The Woodshop Shed

adventures in woodworking and home maintenance, from my shop in an oversized backyard shed

May 2019
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Hanging Compressor Project

I can't wait to show off my new compressed air setup.

I saw this pic in a magazine...



... and it got me to thinking.

I wanted a dedicated place to finally put my compressor in the shop...
  • while allowing it to be removed quickly to use away from the shop
  • without taking up valuable floor space
  • with an attached 5 gallon tank
  • with a connection to a retractable air hose reel
  • without screwing anything directly to the ceiling (to avoid puncturing the roof shingles, and inviting leaks)
  • and with a copper pipe manifold that has connections before and after an air filter


I ended up with all of these, and more.


Read part two here.



posted at: 6:56pm on 17-May-2019
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Hanging Compressor Project, Part 2

In the first post on this project, I said...

I wanted a dedicated place to finally put my compressor in the shop...
  • while allowing it to be removed quickly to use away from the shop
  • without taking up valuable floor space
  • with an attached 5 gallon tank
  • with a connection to a retractable air hose reel
  • without screwing anything directly to the ceiling (to avoid puncturing the roof shingles, and inviting leaks)
  • and with a copper pipe manifold that has connections before and after an air filter


Well, here's what I managed to put together...



Now I know it looks sort of busy, and part of that is due to my jam packed shop, but let me go through all the pieces that make up this total compressed air solution, that I am VERY happy with, and maybe when I'm done, it'll inspire you to do something similar.

Let's start with the compressor platform...





You can see the pivoting, 2" PVC coiled hose keeper that's mounted under the platform, and the T-fitting I replaced the compressor's release valve with, but more on those later.

Here's the platform before I hung it up, without anything on it...



I put cleats on three sides, and glued those small, angled cleats in place too.
The compressor's front foot rests in the half-circle drilled into the front cleat, and its back two feet rest in the half-circles drilled into those two angled back cleats.

All the cleats serve to keep the compressor in place, during any vibration while the compressor is running. As it turns out, there's actually very little vibration, and I think it's because the platform is hanging from chains, and that might dampen most of the vibration, along with the compressor's rubber feet.

The platform is hanging from the angled ceiling joists of my workshop, so it's pretty clear the stainless steel chains had to be shorter in the back than in the front, so as to level the platform.


Part 3 in a few days...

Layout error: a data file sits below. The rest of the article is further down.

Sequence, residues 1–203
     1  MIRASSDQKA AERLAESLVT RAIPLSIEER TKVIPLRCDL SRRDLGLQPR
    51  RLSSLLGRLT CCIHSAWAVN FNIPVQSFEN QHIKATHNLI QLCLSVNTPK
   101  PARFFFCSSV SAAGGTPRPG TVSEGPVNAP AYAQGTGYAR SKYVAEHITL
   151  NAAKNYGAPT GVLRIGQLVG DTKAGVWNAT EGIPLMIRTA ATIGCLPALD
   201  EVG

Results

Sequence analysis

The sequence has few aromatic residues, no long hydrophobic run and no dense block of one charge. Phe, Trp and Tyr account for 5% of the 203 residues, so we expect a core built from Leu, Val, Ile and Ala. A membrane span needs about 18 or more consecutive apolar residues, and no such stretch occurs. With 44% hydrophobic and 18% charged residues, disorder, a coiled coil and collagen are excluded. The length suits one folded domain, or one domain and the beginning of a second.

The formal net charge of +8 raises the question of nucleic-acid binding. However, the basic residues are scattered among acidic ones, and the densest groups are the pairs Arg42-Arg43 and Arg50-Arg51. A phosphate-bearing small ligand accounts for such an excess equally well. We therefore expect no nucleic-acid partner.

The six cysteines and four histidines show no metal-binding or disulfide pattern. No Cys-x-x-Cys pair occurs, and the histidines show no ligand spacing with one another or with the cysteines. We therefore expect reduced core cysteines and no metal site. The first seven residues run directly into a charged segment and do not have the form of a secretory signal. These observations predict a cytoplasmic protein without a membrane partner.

posted at: 6:55pm on 17-May-2019
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Cheese board with a dolphin and turtle "bowtie".

Furnished content.
(from Lumberjocks.com)


Cheese board with a dolphin and turtle "bowtie".Hey guys and gals,
I have been working on this cheeseboard for a few weeks now mainly because the spalted section soaked up a lot more poly than the solid parts. The challenge for me was spraying thin coats, sanding and repeating the process until the spalted parts no longer soaked any more poly. I am thinking it took 12 layers to get it all even.
Anyways, the “mouth” appeared to look like an ocean wave and I used a turtle “bowtie” running away from the waves and a dolphin one jumping into it in an attempt to prevent cracks from expanding in those weak areas. They are cherry wood.
The wood was a broken branch of a spalted pecan tree that I bought locally and had it slicied to 1-1/2” slabs for $135. I really thought the whole thing was going to be used for smoke my fish and meat until I ran the slabs through the planer and saw all the beauty in the wood. Since then, I have made several pens from different chunks of that wood that turned out very well.
Thanks for looking.



Read more here

posted at: 12:01am on 17-May-2019
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Swamp kauri hei toki

Furnished content.
(from Lumberjocks.com)


Swamp kauri hei tokiFinished with beeswax and boiled linseed. These days, toki are primarily worn for ornamental purposes. Traditionally, they were (and still are) made of pounamu (NZ greenstone) to represent the adze. Maori traditionally used pounamu to make a number of tools.



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posted at: 12:01am on 17-May-2019
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Ollie's Chest

Furnished content.
(from Lumberjocks.com)


Ollie's ChestWhen you have two grandsons, you have to make two chests. This one is Ollie's. He helped design it, choosing the lid profile and end panel shape. He decided it needed a till (with a secret compartment, shhh, don't tell anyone) and a lock with a key. He wanted it to be blue.I decided that he might lock the key inside the chest so I didn't install the lock catch. It's made out of poplar and finished with Salem Red milk paint followed by Federal Blue, followed by BLO and then some Briwax. I buff the milk paint out with 0000 steel wool to burnish it.The hardware was forged by Ian Hart with Cloven Hoof Iron and Wood. He made the nails, crab lock & key, and strap hinges.Ollie loved it. He literarily jumped for joy when I delivered it. My main issue is that he has a younger sister! I've tried to add a few things to projects I make for the grandkids but I don't think I can add anything else to a painted six board chest. I might have to upgrade to a dovetailed chest.



Read more here

posted at: 12:01am on 17-May-2019
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